More than one-half of employed Americans in a recent survey expect significant technology improvements over the next 5 years to boost their productivity at work, and many are looking to their employers to provide related training. “This survey indicates most American employees feel optimistic that technology will help them in their jobs in the future,” said Gina Bauman, senior vice president of Marketing and Investor Relations at IVP, a late-stage venture capital and growth equity firm.
The southern part of the United States has been through the ringer these past few weeks, with Hurricane Harvey attacking Houston, Texas, in late August and Hurricane Irma pummeling the Florida coastline in early September. Many residents in both areas were forced to evacuate their homes and businesses in order to stay safe. Now that cleanup and recovery efforts are under way, one Florida company has come under fire for how it handled its employeesâ€™ leave requests before Hurricane Irma arrived.
HRSBT recently reported on the predicted costs this year’s eclipse had on employers’ bottom line—roughly $694 million—and if you missed the path of totality during this year’s eclipse, fear not, the next one should be making its way into the United States on April 8, 2024. This will give you plenty of time to plan activities surrounding this celestial event and help increase your employees’ engagement.
Muck Rack makes it simple to find people, tweets, or articles that mention any name, keyword, company, hashtag etc. We've compiled this guide to help you make the most of your search.
Selecting a term
Start searching tweets, articles from media outlets, articles mentioned in tweets, journalists'
names, titles and bios with some suggested searches:
Companies or Topics (e.g. iPhone, Microsoft)
Phrases (e.g. "cloud computing") — use quotes to keep the terms together
Twitter handles (e.g. @username) — returns those who have mentioned or replied to
Names (e.g. "David Pogue")
Hashtags (e.g. #sxsw, #london2012)
Bio details (e.g. vegan, Olympics, father)
Muck Rack's Advanced Search allows for many boolean operators.
Find results that mention multiple specified terms, use AND or
+. For example, ensure each result contains both Elon Musk and Mark Zuckerberg by
searching Obama AND Romney or Obama + Romney.
Use the operators OR or , to broaden your search when you'd like either of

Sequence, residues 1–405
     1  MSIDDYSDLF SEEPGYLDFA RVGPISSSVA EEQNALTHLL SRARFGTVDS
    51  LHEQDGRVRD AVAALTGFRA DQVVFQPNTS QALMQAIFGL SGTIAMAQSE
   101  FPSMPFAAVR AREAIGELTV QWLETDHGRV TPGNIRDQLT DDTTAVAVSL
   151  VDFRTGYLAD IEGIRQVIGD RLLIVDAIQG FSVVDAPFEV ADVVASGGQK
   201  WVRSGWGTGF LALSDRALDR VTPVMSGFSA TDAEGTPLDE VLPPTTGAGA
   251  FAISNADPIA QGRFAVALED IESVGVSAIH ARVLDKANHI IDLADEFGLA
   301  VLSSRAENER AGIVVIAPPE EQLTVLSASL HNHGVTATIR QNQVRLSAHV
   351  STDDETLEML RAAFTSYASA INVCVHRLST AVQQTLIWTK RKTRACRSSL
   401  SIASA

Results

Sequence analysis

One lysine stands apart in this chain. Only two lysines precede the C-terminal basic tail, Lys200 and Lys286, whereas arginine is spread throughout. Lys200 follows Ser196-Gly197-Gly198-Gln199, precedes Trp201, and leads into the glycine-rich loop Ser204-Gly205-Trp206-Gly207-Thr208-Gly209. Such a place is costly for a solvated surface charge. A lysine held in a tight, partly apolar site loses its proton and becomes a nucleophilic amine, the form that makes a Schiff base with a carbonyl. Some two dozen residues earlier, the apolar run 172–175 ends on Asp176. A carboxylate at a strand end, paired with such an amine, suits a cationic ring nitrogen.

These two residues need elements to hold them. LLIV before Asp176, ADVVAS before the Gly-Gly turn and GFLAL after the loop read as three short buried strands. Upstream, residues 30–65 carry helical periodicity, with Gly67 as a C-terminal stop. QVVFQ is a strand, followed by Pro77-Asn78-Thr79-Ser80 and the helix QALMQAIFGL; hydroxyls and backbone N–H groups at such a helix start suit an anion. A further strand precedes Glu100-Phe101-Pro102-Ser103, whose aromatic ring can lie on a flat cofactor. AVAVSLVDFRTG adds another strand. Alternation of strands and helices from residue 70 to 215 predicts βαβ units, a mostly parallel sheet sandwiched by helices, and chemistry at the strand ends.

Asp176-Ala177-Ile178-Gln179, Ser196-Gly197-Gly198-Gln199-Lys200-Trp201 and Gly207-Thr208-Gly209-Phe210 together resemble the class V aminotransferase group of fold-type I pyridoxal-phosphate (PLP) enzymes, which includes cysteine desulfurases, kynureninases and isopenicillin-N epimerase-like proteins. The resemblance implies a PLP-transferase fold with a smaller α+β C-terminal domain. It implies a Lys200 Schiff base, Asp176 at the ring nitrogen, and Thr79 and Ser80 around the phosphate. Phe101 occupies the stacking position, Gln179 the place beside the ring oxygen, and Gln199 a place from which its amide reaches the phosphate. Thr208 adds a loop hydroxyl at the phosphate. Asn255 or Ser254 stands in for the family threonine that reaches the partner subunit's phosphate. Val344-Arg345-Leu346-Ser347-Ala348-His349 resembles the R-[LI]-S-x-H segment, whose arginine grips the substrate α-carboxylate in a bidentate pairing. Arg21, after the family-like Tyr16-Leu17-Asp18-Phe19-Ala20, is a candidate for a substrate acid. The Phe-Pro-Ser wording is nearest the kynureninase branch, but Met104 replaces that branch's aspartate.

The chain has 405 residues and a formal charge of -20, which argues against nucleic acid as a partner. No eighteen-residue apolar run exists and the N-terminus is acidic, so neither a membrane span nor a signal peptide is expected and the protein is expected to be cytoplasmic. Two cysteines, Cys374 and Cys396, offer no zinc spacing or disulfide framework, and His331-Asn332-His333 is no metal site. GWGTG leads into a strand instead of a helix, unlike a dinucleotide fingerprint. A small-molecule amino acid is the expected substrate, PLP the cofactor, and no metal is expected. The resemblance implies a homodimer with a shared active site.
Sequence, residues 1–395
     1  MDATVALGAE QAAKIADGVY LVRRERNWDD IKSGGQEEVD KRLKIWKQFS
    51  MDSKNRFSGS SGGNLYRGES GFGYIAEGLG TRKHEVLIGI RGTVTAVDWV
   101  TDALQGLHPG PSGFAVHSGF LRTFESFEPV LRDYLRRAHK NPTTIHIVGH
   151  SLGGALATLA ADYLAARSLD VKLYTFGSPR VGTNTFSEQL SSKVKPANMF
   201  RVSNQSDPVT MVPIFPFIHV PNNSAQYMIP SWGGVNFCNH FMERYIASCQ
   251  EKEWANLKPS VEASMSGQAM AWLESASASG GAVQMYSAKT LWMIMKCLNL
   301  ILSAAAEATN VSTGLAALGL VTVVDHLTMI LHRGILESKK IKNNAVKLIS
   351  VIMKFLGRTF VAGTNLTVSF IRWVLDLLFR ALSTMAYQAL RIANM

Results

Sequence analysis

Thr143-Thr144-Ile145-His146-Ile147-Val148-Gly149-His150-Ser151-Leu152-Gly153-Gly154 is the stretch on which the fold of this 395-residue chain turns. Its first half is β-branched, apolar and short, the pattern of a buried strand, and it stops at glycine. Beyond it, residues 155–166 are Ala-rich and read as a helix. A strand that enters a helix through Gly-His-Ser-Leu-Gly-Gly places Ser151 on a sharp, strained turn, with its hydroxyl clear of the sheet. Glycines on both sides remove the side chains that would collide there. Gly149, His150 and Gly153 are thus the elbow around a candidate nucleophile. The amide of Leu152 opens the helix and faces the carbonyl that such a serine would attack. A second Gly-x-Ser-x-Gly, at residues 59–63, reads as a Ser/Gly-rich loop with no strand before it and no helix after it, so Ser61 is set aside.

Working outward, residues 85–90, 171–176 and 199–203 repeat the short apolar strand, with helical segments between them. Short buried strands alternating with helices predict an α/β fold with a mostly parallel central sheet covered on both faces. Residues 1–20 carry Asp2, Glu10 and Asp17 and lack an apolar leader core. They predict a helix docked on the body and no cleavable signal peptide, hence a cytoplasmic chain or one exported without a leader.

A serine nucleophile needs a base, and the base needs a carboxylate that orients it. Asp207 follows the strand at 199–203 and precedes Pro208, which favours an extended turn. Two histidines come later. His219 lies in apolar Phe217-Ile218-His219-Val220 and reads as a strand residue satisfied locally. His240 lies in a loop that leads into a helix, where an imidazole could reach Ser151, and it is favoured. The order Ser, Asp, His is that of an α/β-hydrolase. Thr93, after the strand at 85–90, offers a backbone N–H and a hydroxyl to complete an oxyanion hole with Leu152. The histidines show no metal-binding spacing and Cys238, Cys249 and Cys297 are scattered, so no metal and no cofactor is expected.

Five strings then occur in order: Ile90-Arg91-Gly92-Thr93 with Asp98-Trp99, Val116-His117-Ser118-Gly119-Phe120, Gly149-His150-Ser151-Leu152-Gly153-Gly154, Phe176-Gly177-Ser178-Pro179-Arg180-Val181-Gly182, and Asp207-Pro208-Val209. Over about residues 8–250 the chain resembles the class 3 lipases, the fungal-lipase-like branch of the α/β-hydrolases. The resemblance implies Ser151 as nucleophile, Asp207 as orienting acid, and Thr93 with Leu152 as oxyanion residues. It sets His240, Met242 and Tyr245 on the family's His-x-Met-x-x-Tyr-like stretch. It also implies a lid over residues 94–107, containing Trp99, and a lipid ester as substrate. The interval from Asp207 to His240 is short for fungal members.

multiple terms to appear in results. (This is the default behavior of our search when no operators
are used.) For example, search for democrat OR republican to find results that refer to
Democrats and/or Republicans.
Use NOT or - to subtract results from your search. For
example, searching Disney will yield results about the Walt Disney Company as well as Walt Disney
World Resort. To exclude mentions of Disney World, search for Disney -World or Disney
When using one of these operators with a phrase, enclose it in quotation marks. For example, you can
find results about smartphones excluding Apple's iPhone 4S by searching smartphone -"iPhone
Exact case matching or punctuation
If you're searching for a brand name or keyword that relies on specific punctuation marks or capitalization, you can
find results that match your exact query by adding matchcase: before the keyword you're searching for, like matchcase:E*TRADE .
Use parentheses to separate multiple
boolean phrases. For example, to find journalists talking about having fun in Disney World or
Disneyland, search for ("disney world" OR disneyland) AND fun.
An asterisk can be used to search for any variation of a root word truncated by the asterisk. For example, searching for admin* will return results for administrator, administration, administer, administered, etc.
A near operator is an AND operator where you can control the distance between the words. You can vary the distance the near operation uses by adding a forward slash and number (between 0-99) such as strawberries NEAR/10 "whipped cream", which means the strawberries must exist within 10 words of "whipped cream".